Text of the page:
Many underlying mechanisms have involved in the development and progress of DCM . Oxidative stress and lipid toxicity are two main pathogenesis of DCM induced by T2DM . The redox dynamic equilibrium state is disturbed in the progress of diabetes because of decreased antioxidant and increased oxidant in cardiomyocytes, which causes the accumulation of reactive oxygen species (ROS) . Excessively accumulated ROS may react quickly and nonspecifically with proteins, lipids, and DNA, resulting in DNA damage, metabolism aberration, and cell apoptosis . Nuclear factor (erythroid-derived 2)-like 2 (Nrf2) is a cytoprotective transcription factor that controls the expression of many antioxidant factors . Under unstressed normal conditions, Nrf2 is arrested in cytoplasm for quick ubiquitin degradation by binding with an E3 ubiquitin ligase substrate adaptor (Kelch-like ECH-associated protein 1 (Keap1)) . Keap1 possesses several highly reactive cysteines, upon modification by sensing oxidants and electrophiles, which could prevent Keap1-mediated Nrf2 proteasomal degradation, thereby resulting in nuclear accumulation of Nrf2. Nrf2 binds to antioxidant response elements (AREs) in the nucleus to activate the transcription of many antioxidant genes . Activation of Nrf2 has been demonstrated to be beneficial for several cardiovascular disorders including hypertension, heart failure, and diabetic cardiomyopathy. The expression of Nrf2 was significantly downregulated at the late stage of DCM. Studies have demonstrated that restoring the expression and nucleus translocation of Nrf2 could prevent cardiomyocyte from diabetes-associated injuries in vitro and in vivo . Lipid toxicity, another important pathological factor in DCM, is caused by dysregulation of enzymes and signaling pathways involved in triacylglycerol, phospholipid, and sphingolipid metabolisms . Adenosine monophosphate-activated protein kinase (AMPK) is a key enzyme in regulating lipid metabolism and utilization . Activated AMPK could promote glycolysis and fatty acid oxidation, autophagy initiation, and glycogen, lipid, and protein syntheses; however, the activity of AMPK was significantly downregulated in DCM. Genetic or pharmaceutic activation of AMPK could effectively decrease lipid accumulation and improve cardiac functions in DCM. Therefore, simultaneous pharmacological regulation of Nrf2 and AMPK might be a beneficial strategy in preventing DCM.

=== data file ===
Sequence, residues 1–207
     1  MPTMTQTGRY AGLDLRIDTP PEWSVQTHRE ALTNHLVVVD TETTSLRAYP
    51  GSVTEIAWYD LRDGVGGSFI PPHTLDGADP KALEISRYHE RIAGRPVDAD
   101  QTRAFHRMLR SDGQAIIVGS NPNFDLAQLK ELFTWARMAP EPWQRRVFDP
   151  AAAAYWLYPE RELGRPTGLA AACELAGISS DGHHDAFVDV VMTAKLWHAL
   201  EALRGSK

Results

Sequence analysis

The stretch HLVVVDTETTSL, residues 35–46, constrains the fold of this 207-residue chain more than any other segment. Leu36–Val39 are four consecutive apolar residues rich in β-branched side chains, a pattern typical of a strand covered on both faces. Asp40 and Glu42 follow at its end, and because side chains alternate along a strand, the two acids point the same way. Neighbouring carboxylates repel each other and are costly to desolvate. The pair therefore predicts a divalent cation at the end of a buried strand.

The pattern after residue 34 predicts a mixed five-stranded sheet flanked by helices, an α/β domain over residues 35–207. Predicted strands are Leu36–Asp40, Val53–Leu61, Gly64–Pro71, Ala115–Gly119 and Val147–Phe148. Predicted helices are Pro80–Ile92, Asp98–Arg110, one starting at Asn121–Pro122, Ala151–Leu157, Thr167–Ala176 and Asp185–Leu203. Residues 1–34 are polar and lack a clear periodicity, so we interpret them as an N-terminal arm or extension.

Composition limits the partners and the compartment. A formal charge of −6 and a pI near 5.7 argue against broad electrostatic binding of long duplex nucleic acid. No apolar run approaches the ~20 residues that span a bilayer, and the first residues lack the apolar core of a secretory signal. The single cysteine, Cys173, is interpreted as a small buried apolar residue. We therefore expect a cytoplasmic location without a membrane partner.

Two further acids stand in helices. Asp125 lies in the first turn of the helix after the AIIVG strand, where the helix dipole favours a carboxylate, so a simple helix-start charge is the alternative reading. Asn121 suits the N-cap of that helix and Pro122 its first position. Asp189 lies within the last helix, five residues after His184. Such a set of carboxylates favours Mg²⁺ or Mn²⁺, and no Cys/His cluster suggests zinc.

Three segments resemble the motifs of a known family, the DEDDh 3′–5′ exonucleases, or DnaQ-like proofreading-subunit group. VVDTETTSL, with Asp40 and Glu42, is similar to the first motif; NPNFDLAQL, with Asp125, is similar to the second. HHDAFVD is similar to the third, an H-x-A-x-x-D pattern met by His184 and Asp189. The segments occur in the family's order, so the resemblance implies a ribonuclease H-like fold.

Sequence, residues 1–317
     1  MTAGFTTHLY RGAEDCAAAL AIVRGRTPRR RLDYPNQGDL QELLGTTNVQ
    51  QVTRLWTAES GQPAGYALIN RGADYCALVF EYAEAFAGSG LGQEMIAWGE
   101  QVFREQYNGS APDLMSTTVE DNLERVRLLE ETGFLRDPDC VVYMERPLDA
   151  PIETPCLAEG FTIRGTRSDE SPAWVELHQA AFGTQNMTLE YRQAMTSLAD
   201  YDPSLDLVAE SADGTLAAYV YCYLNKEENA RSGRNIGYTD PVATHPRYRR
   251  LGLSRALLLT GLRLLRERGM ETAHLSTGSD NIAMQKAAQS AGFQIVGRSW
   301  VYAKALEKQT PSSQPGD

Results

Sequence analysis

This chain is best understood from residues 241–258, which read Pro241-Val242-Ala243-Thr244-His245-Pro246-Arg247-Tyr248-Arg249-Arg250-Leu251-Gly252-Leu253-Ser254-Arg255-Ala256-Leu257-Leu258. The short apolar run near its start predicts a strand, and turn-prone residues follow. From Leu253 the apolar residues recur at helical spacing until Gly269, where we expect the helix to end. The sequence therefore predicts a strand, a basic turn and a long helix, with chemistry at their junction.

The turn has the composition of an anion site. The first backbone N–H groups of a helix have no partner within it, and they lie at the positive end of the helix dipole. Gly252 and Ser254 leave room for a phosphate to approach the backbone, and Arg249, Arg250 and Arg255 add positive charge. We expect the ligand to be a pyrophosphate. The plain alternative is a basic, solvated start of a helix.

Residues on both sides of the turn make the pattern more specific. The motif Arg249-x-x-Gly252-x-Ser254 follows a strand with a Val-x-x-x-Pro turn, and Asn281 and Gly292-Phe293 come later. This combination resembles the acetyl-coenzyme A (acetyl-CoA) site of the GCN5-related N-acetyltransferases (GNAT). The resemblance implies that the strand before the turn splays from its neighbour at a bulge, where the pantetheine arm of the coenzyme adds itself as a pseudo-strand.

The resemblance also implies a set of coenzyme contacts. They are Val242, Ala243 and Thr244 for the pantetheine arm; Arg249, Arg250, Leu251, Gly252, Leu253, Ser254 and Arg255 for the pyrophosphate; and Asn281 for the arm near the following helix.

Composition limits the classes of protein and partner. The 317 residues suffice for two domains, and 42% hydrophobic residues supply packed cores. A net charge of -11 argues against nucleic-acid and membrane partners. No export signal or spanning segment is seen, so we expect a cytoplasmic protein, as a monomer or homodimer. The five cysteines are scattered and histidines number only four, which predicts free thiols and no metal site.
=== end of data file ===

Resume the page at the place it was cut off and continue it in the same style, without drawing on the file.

Baicalin (BAI) is a flavonoid component extracted from the traditional Chinese medicine S. baicalensis. BAI was shown to inhibit oxidative stress by reinforcing the endogenous antioxidant system through regulating the nuclear translocation of Nrf2 and HO-1 expressions in the alcoholic liver mouse model . In a cerebral ischemia/reperfusion (I/R) mouse model, BAI ameliorated hyperglycemia-exacerbated I/R injuries through regulating mitochondrial functions in an AMPKα1-dependent manner . More importantly, BAI has been demonstrated to decrease blood lipids and inflammation  in a randomized, double-blind, placebo-controlled trial. In cardiovascular diseases, BAI could prevent embryonic cardiovascular malformation by suppressing the excessive production of ROS and autophagy . BAI has been shown to protect against pressure overload-induced cardiac remodeling through regulating AMPK  or PPARs . So far, the role and underlying mechanism of BAI in T2DM-associated DCM have not been reported. Herein, we used an experimental T2DM mouse model to clarify the above formulated issues.